The ever-increasing demand for components adds ongoing pressure to the electronic supply chain. Accepting electronic supply chain disruptions as a long-term trend brings up big questions about the health of your strategies.
The vast reach of the Internet of Things is expanding the demand of electronic components: more connected vehicles; more 5G handsets and towers; and more connected medical devices. The prevailing trends in these industries will drive the need for electronic components not just today, but for years to come. The electronics industry is experiencing unprecedented shortages right now, demonstrating that electronic supply chain disruptions are a long-term challenge. Facing more frequent disruptions, the electronic supply chain must deal with the next shortage.
First up: understanding how your supply chain health checks out. Gartner recently defined supply chain health into two broad categories: “fit” and “fragile.” Gartner reports that, “the most fragile focus on short-term survival, while the fittest supply chain organizations see disruptions as inflection points to improve the value that supply chain provides to the business.” If this diagnostic resonates with you, read on for 3 of our ideas on how to stay “fit” and avoid the dangers of fragility.
1. Shrink your reaction time
Healthy supply chains are capable of responding to change. A great example of this is developing a quick reaction to shortage challenges rather than waiting until the problem builds. The best way to sharpen your reaction time? Access to real-time market information. A broad supplier network that you can leverage to action on this information is critical, but action starts with information.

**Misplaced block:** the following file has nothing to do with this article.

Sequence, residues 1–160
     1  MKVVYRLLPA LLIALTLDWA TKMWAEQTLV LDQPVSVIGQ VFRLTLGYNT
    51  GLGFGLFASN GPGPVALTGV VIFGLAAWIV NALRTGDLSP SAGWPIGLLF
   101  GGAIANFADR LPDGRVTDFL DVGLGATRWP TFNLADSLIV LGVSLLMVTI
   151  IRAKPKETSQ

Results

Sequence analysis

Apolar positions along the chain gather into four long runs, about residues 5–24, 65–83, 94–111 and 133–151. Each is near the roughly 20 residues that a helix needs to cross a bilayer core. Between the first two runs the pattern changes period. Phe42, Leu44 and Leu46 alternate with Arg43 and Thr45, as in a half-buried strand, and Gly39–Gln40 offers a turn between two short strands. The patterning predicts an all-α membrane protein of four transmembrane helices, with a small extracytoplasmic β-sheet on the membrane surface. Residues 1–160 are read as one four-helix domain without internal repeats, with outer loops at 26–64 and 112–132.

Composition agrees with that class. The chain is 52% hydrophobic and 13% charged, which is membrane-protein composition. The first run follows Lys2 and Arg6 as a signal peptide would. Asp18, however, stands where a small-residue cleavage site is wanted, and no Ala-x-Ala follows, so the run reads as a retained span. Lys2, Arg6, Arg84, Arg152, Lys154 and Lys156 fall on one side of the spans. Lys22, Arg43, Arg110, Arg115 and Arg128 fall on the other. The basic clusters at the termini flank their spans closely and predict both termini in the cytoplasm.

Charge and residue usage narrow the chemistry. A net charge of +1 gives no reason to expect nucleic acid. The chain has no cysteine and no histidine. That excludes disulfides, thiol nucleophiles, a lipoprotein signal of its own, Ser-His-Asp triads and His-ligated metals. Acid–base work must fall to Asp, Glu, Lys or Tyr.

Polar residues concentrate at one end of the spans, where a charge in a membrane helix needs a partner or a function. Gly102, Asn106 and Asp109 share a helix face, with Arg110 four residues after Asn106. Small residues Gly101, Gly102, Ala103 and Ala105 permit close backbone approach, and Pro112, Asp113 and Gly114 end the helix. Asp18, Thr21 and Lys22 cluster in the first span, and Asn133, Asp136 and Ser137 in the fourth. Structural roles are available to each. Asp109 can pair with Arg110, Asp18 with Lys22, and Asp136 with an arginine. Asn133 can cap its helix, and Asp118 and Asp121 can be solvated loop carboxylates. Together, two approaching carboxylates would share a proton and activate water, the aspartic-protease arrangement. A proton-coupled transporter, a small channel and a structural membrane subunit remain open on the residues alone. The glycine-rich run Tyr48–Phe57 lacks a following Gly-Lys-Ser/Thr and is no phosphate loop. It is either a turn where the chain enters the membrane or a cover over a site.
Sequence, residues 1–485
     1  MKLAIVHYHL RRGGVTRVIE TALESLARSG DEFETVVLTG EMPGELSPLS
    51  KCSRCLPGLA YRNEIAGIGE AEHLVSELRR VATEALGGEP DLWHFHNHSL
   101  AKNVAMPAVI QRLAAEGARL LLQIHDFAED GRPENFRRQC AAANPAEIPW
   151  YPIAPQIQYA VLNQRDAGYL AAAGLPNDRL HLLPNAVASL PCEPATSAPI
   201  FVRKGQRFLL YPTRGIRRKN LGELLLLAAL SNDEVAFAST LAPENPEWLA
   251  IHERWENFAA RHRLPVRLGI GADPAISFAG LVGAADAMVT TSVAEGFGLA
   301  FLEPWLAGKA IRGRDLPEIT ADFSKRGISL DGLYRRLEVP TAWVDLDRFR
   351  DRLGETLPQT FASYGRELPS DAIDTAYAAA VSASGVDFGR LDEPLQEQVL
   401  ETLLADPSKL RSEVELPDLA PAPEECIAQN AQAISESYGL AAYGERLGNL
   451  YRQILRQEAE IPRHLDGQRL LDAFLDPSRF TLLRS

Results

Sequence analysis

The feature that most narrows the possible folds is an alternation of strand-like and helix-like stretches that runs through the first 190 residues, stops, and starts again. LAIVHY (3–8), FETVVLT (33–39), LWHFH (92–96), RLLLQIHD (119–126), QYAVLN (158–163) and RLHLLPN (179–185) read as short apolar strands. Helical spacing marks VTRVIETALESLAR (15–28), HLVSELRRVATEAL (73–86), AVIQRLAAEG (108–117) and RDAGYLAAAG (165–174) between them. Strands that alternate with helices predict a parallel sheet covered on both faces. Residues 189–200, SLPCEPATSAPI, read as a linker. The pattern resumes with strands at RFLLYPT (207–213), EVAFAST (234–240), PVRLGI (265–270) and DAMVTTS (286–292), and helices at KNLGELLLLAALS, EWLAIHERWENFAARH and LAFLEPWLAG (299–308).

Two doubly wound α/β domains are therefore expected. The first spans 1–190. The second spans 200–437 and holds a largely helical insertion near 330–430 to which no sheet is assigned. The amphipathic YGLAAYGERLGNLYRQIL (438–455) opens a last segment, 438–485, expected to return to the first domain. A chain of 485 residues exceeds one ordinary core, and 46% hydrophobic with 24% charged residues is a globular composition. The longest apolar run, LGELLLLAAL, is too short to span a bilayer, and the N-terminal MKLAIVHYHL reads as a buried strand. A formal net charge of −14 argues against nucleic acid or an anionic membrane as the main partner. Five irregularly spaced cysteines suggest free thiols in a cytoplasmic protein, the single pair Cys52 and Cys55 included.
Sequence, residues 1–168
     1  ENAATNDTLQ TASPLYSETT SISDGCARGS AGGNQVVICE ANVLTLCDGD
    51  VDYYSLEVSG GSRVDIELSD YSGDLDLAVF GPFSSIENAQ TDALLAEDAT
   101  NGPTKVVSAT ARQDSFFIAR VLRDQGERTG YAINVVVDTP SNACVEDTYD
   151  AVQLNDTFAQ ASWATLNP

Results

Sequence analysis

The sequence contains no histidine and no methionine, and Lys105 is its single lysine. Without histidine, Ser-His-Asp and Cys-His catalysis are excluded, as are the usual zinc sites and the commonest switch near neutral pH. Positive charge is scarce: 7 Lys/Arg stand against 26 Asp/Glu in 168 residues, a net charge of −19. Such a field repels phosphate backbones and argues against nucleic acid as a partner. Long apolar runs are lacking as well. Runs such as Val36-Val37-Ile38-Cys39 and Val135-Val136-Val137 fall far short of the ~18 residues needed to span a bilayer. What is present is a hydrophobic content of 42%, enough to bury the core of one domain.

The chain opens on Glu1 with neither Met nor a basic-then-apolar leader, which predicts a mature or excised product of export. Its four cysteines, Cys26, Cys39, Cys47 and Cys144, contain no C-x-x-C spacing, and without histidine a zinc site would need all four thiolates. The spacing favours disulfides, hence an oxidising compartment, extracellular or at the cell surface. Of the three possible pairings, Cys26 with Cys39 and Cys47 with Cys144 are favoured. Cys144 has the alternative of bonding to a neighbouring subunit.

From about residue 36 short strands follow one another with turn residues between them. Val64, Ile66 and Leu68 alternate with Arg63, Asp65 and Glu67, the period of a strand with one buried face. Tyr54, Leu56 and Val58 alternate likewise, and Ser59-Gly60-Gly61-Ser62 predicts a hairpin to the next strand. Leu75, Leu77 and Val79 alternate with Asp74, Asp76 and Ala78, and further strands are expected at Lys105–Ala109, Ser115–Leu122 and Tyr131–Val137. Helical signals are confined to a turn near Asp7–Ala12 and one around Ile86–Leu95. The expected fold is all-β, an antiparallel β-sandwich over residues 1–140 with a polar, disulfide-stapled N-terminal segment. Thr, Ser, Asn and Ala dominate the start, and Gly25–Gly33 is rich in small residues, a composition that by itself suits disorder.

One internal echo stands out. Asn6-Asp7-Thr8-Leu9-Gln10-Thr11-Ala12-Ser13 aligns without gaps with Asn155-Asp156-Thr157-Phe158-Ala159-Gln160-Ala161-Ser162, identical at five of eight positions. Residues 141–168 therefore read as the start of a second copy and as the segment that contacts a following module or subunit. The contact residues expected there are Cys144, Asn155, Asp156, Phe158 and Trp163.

Real-time information holds even more impact when it is put into context. Seek an information source with longevity and credibility, but also a broad base of similar customers. That sort of insight puts you beyond the sphere of short-term insights and into longer-term planning — a sign of a fit supply chain.
2. Get proactive about electronic supply chain disruptions
Taking a proactive stance on electronic supply chain disruptions doesn’t require a complete overhaul of your purchasing strategy. You can start to shift into a proactive mindset through incremental decisions. Despite maintaining a lean inventory, opportunities to buy in the shortage market might present a chance to bridge a gap in future supply needs. Making these strategic decisions does, however, require reliable market information.
Working closely with OEMs to address challenges at the manufacturing stage and keep in step with technology development is ideal — but sometimes that kind of coordination is simply not possible. When circumstances require a broader sweep, forging partnerships in electronic components distribution can keep the line going. Taking a proactive approach means forging relationships with a variety of partners.
3. Supply chain safeguards
A fragile supply chain is a vulnerable one. Staying fit means staying on top of quality control in the shortage market. Seeking out components vetted with exceptional quality control adds to your supply chain’s fitness. Electronic distributors should offer you the chance to audit their safety process. This level of transparency gives a direct view into the processes used to ensure safety and quality.
While ever-increasing demand for components adds ongoing pressure to the electronic supply chain, strategies to stay nimble, proactive, and safe will ensure supply chain health.